Darren "Doogie" Wolfson

Darren "Doogie" Wolfson has a passion for sports, but not a consistent forum in which he's allowed to spew his thoughts. Well, now he has one. Darren spent 12-plus years with KFAN Radio, wearing multiple hats - from producing and technically directing, to reporting and hosting. He spent a majority of his time working with Sid Hartman's son, Chad on the 'Chad Hartman Show.' Read more about Darren Wolfson.

Posts about Twins offense

One of many ideas for the Twins this offseason: call Pat Gillick

Posted by: Darren "Doogie" Wolfson Updated: August 29, 2011 - 6:38 PM
This past Wednesday, a letter from the Minnesota Twins arrived. It was a heads-up about renewing our 20-game season-ticket package for 2012. As far as I am concerned, as long as Dippin' Dots -- the most underrated dessert on the planet -- continue to be sold at Target Field, they have our money. I am also a sucker for outdoor baseball after growing up going to games in the Metrodome.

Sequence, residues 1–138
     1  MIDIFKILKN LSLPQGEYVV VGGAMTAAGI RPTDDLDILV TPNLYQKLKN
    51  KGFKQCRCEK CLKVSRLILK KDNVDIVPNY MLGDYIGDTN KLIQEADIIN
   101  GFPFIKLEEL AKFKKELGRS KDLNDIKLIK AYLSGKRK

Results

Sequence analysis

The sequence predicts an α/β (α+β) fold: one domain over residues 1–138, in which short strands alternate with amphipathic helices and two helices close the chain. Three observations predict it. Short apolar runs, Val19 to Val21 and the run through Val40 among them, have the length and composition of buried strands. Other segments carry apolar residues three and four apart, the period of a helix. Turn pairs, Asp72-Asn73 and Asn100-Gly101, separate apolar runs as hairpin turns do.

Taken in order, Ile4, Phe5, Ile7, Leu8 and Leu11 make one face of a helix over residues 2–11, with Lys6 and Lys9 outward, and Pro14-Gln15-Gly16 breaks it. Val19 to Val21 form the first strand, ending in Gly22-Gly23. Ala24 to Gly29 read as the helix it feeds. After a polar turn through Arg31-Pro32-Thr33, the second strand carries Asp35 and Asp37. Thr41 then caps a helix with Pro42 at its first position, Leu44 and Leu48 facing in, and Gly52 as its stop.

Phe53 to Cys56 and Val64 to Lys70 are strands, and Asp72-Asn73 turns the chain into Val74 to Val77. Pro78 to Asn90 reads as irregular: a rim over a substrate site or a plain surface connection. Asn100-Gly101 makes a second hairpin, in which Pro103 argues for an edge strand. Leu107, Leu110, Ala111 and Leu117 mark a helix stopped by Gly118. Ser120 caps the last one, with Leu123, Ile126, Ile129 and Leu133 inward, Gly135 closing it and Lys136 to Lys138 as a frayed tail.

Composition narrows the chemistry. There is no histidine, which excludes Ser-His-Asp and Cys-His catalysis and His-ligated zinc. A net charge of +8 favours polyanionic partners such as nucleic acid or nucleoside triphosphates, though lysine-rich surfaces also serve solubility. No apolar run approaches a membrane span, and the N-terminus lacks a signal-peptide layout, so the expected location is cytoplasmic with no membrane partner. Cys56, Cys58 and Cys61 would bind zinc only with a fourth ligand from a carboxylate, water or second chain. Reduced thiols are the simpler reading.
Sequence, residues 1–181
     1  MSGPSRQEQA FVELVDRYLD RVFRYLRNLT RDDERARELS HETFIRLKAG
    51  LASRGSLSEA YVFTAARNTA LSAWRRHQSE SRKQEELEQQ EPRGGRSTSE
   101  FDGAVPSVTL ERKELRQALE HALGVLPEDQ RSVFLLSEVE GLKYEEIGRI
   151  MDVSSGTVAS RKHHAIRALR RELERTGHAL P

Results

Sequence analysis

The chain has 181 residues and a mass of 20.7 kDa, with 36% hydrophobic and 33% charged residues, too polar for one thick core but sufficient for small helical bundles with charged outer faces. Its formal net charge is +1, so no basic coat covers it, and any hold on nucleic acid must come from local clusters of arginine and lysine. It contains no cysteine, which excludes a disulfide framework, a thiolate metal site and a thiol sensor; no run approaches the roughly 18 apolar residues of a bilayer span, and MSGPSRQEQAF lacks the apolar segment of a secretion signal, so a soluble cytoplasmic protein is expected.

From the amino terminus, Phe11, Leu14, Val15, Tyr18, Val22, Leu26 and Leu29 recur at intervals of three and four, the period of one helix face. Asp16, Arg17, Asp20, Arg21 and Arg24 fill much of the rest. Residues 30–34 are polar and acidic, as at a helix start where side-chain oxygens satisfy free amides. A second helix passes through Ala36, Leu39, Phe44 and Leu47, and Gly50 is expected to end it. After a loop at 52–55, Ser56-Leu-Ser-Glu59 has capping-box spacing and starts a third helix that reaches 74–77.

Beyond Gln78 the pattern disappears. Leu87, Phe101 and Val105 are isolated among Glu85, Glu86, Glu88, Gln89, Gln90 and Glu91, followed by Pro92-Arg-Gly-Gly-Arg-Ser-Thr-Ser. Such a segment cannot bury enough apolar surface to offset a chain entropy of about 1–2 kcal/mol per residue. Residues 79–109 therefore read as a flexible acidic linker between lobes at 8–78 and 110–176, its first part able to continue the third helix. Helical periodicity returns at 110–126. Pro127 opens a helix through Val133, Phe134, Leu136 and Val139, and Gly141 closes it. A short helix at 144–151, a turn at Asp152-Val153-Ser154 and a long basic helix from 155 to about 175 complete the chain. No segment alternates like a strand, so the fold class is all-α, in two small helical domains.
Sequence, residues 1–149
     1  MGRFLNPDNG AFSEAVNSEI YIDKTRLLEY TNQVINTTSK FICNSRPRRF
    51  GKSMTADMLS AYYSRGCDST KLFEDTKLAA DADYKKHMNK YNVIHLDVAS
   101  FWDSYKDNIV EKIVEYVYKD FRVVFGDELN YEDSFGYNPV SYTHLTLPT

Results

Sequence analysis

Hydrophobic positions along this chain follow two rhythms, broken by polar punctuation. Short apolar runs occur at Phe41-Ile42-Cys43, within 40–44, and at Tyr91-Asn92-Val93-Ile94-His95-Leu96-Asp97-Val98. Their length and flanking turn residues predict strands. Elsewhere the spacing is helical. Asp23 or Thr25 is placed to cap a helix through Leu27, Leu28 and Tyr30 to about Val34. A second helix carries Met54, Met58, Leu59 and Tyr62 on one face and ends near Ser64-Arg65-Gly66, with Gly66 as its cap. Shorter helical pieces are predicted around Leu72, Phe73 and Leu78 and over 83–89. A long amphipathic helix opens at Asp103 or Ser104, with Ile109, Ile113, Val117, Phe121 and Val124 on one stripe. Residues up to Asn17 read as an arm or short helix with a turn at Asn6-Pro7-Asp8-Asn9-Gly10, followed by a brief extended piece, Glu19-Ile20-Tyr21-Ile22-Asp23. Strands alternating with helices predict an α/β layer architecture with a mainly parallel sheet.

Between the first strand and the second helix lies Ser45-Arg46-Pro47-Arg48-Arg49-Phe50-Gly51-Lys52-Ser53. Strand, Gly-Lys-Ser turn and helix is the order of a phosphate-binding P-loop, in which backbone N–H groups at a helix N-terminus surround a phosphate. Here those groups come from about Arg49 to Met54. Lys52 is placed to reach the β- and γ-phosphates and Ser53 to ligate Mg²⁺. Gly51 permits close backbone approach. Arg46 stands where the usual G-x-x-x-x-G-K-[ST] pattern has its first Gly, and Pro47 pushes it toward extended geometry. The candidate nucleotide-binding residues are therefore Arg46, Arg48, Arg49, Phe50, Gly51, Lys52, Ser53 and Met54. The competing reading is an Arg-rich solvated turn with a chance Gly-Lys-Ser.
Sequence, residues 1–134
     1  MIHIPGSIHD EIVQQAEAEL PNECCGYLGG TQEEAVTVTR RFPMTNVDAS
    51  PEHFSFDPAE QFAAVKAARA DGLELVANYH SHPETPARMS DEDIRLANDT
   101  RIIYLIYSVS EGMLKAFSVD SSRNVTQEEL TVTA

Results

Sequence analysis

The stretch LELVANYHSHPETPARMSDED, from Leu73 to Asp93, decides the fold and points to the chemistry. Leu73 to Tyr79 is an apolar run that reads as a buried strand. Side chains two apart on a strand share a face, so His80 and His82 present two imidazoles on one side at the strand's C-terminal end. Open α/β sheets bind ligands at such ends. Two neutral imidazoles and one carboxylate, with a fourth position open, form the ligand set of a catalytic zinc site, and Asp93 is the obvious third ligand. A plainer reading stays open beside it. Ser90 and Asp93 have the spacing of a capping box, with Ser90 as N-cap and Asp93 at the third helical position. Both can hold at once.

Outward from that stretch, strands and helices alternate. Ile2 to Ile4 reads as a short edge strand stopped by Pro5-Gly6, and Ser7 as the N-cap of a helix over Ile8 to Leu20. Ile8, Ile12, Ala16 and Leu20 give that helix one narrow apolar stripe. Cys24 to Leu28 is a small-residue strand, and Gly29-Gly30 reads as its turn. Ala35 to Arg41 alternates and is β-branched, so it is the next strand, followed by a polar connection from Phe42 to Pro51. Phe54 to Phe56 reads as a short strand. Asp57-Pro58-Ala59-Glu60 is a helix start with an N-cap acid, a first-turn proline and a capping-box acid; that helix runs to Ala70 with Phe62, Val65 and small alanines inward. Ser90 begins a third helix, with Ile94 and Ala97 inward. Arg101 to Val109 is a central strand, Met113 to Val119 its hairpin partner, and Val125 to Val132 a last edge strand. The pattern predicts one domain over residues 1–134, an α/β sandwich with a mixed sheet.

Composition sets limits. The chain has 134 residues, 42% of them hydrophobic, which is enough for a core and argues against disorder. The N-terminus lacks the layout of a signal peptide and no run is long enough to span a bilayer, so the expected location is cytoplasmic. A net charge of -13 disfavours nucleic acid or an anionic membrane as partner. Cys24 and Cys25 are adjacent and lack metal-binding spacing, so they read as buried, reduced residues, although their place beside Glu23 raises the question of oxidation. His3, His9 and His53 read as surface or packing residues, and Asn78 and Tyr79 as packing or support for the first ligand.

But that doesn't mean that the status quo works. When you're the first team in franchise history to not exceed .500 at any point during the season, and have the potential to become only the second team in MLB history to lose 100 games with a $100M payroll, everyone needs to be evaluated, including TC the Bear. OK, not him, but the medical personnel, training staff, front office, coaches, and players all need serious year-end reviews.
 
Suggestions:
 
  • In an offseason where they need to be pro-active, at least call new Hall of Fame GM Pat Gillick. If he says no to a special-assistant position, so be it, but they should try.
 
  • Offer Paul Molitor a full-time coaching position. I have no idea if he is interested, but since he's already a minor-league instructor in the organization, it should be an easy one to gauge.